As I look through the many essays, stories, and writing assignments that my sister left me, “for whatever they’re worth” I see a treasure trove of excellent writing and rich story-telling skills. An imagination backed by a close empathy with humanity that comes from not only experience, but also from a close observation of human nature. Joanie paid attention, and her intuitive understanding of people made her a master at characterization.
Today I picked up the workbook she wrote in when taking a writing class that I gave in Colorado several years ago. Here is the anecdote she wrote for lesson one. “Fiction is a Lens on Life” The instructions were to look into your memory and chose an incident in which you were embarrassed, humiliated. or had your feelings hurt by another person. This is a timed writing. You don’t have time to plan ahead or revise.
By the way, I’m only sharing this because Joan gave me permission. Customarily, anything written or discussed in any of my workshops is strictly confidential.
Joan remembered an incident from early elementary school that stayed with her for the rest of her life. She wrote:
I was so excited. What a beautiful bauble! I hadn’t had that much luck lately, what with the hard time, Mom and dad in the mountains and me spending my third grade year with strangers. Now I’d found the pretty necklace in the dirt on the playground. I showed it to Susie, thinking it would surely elevate me in her eyes. She looked at it briefly and said nothing. The bell rang and I noticed Susie whispering something to the teacher.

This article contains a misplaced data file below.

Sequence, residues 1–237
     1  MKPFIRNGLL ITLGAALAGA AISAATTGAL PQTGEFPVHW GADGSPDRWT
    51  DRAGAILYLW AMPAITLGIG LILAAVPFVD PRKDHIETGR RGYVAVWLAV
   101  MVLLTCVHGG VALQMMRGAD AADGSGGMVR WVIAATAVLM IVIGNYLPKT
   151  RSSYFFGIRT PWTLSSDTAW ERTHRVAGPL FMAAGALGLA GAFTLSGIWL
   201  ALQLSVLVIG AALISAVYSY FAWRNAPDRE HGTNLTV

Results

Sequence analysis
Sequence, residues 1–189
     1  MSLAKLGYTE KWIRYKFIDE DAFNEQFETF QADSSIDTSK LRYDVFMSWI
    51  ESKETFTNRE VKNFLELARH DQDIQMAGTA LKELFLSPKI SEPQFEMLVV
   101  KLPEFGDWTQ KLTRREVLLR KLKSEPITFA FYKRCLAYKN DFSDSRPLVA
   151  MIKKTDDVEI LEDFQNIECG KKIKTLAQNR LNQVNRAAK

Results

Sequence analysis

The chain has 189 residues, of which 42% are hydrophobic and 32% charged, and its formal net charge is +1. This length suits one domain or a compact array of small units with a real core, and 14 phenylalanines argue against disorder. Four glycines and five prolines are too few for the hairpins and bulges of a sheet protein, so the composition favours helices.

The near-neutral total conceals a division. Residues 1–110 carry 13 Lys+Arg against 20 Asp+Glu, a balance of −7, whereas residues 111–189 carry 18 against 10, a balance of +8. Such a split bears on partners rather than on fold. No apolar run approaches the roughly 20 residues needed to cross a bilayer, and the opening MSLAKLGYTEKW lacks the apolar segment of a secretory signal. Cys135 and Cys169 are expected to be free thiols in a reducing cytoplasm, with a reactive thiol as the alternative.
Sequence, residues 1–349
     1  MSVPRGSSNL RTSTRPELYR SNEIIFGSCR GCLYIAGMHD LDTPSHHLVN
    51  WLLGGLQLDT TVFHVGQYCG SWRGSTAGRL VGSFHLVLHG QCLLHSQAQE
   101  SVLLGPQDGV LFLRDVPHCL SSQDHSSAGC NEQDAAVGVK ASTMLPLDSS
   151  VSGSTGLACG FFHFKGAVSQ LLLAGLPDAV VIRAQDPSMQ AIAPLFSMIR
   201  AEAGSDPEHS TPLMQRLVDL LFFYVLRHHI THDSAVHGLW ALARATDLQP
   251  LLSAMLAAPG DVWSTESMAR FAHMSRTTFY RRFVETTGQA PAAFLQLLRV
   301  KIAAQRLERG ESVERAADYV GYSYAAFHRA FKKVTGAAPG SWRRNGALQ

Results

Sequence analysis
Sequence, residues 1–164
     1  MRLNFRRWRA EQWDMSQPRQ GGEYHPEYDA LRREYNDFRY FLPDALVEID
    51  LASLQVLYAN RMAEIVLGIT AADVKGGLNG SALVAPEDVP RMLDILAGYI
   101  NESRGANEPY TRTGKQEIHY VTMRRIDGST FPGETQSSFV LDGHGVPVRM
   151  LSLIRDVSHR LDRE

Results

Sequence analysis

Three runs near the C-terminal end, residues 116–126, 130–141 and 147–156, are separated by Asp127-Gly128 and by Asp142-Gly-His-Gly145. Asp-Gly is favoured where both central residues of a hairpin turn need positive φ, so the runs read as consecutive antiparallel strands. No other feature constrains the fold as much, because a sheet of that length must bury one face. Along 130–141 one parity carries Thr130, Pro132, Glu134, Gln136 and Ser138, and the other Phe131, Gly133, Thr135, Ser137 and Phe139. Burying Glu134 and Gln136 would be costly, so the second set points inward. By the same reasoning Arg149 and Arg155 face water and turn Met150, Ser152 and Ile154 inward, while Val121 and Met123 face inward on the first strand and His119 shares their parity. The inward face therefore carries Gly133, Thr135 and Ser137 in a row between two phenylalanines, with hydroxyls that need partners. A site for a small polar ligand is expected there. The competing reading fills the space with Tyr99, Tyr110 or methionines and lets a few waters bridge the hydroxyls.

“Joan,” the teacher said sternly, “Susie tell me you stole her necklace. Is that true?”
I felt my face flush as everyone stared. I was terrified. I thought I might wet my pants. There wasn’t a friendly face in the room.
I fingered the necklace I had put around my neck and looked at my shoes.
“Come up her,” the teacher commanded.
I couldn’t move.
She approached me and removed the beads from my neck. “Susie, is this your necklace?” she asked.
I stared in disbelief as Susie said, “Yes, It is.”
The entire class looked at me in disgust. I felt smaller and smaller and hoped I would just disappear!
A subsequent lesson from the workshop is on Point of View, and in order to get back into the realm of fiction, as well as to get writers thinking from a perspective other than their own, the exercise asks the writer to take the antagonist from the exercise above and get into that person’s head. What might have been going on to provoke the behavior that caused so much humiliation? In the next post, I’ll share what Joan did with that assignment.